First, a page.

Homeowners  across the U.S. are staying put longer than ever before, on average 13  years, as baby boomers increasingly choose not to downsize, according to  recent data from Redfin. When owners shy away from getting bigger homes  or, on the flip side, downsizing when children leave the nest, it can  create a logjam of housing inventory and is a likely cause of lagging  home sales. The inventory of homes for sale is near its lowest in 37  years. (The Wall Street Journal)

 

Oklahoma lawmakers file bill to create Donald Trump highway

Two  Republican state senators have written a bill to rename a portion of  the world-renowned Route 66 highway in northeastern Oklahoma the  President Donald J. Trump Highway. Senators Nathan Dahm of Broken Arrow  and Marty Quinn of Claremore announced their plans to introduce the  bill. The bill would rename a roughly 13-mile stretch of Route 66 from  the town of Miami extending north and east through the town of Commerce  to Industrial Parkway in Ottawa County. The lawmakers say the bill will  direct that no taxpayer money be used to pay for signage. Instead, they  say the Senate and House authors and co-authors will be required to  provide the money needed for the cost of the sign. (KTUL)

 

Obesity tends to be an epidemic in the United States, and it continues to be a problem in some  states

According to the Centers for Disease Control and Prevention, seven out of every 10 U.S. adults over the age of 20 are either overweight or obese. In all, the United States spends nearly $200 billion in annual health care costs related to obesity. While it continues to be a big problem across the country, experts say the obesity epidemic is worse in some states. Researchers compared the 50 states and the District of Columbia across 29 key metrics including share of obese and overweight population, sugary beverage consumption among adolescents, and obesity-related health care costs. The rankings of the ‘Fattest States in America‘ is as follows:

  1. Mississippi
  2. West Virginia
  3. Kentucky
  4. Tennessee
  5. Alabama
  6. Oklahoma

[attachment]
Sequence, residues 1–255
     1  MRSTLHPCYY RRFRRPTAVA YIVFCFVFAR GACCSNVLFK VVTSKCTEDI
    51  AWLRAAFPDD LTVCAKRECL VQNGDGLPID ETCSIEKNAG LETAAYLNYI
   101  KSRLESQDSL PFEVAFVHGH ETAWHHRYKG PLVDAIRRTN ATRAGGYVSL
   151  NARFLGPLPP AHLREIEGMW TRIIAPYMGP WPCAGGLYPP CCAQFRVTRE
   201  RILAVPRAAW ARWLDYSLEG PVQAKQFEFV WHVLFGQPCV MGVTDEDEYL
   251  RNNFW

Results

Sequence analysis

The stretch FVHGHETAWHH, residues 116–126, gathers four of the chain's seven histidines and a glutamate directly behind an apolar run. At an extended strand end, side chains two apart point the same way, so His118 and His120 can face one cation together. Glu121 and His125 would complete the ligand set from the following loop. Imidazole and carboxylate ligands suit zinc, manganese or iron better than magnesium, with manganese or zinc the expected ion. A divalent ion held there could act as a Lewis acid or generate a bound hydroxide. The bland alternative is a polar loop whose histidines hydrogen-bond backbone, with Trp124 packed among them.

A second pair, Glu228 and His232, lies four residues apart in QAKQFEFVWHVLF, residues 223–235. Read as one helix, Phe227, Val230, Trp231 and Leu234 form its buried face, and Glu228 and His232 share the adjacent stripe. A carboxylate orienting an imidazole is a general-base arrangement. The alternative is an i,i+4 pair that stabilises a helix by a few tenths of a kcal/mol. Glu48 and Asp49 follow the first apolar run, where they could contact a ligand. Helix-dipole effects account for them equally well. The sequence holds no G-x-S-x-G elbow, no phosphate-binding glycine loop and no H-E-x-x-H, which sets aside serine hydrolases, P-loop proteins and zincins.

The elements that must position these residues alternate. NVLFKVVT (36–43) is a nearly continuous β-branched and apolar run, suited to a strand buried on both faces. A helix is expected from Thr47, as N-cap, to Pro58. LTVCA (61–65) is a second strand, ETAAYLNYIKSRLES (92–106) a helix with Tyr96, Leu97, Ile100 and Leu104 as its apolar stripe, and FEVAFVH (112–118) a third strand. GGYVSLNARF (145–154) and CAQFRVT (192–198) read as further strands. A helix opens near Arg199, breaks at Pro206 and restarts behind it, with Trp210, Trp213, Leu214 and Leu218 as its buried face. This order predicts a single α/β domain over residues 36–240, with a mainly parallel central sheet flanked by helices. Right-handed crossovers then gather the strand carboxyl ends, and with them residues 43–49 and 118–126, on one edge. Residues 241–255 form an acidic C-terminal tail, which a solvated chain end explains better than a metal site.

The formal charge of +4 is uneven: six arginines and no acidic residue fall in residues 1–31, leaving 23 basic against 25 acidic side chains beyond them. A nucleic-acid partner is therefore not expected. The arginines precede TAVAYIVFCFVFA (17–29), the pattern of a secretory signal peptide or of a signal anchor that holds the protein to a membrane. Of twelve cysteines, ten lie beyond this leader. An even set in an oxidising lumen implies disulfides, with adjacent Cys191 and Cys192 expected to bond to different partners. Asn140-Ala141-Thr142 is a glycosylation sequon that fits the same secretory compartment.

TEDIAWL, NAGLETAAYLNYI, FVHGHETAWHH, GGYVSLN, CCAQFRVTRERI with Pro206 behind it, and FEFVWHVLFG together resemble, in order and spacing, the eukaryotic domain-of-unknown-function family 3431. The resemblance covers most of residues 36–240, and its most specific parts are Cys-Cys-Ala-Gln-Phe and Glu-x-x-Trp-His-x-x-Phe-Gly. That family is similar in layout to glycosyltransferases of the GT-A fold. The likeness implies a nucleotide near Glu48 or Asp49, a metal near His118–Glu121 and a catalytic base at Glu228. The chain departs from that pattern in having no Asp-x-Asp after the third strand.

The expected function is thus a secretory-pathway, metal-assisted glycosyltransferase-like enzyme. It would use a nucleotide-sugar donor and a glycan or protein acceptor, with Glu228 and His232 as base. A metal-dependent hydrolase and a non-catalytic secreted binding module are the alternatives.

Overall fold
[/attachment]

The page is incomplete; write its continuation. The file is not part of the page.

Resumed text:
7. Louisiana
  8. Arkansas
  9. Delaware
  10. Ohio

(Wallethub)

A man who told police he stole an electric scooter from a Walmart parking lot because he was too drunk to drive his vehicle to a nearby bar now faces felony charges related to the theft

A man in Houma, Louisanna got busted by a Terrebonne Parish Sheriff’s Office deputy after the electric scooter was spotted between two cars outside a bar more than half a mile from the Walmart around 12:30 a.m. on November 3rd. The officer spoke to the bar’s security guard, who identified 32-year-old man who had arrived on the Walmart scooter. The man told the officer he didn’t want to drive his own vehicle to the bar because he was afraid he would get a DWI, according to police. Instead, he was arrested and charged with unauthorized use of a moveable, which is a felony. His bond was set at $2,500. (WGNO)

 

Sit back and pour yourself a generous glass of wine

New  research finds that most Americans (60%) enjoy at least the occasional  glass of wine. About one-third (34%) drink wine at least once a month,  though Millennials (46%) and those who live in urban areas (43%) are  especially likely to consume wine this often.  Red wine (69%) is the  most popular among wine-drinking adults, though majorities also say they  like white wine (65%) or rosé (55%). Among wine drinkers, the most  popular kind of reds are Merlot (19%), cabernet sauvignon (18%), pinot  noir (12%) and Zinfandel (12%). As for the white wine list:

  • Moscato (23%) tends to be the most popular pick,
  • Chardonnay (17%),
  • Riesling (14%),
  • Pinot Grigio/Gris (13%),
  • and Sauvignon blanc (11%)

When  it comes to rosé wines, about one in five (19%) say they don’t have a  preference. But Zinfandel rosé tends to be the most popular, with 33  percent of rosé-drinkers claiming it as their favorite type. But for most Americans, the varietal isn’t the most important thing when it comes to choosing wine:

  •  Two-thirds (66%) of wine-drinking Americans say that when they’re  purchasing a bottle, price is one of the most important factors.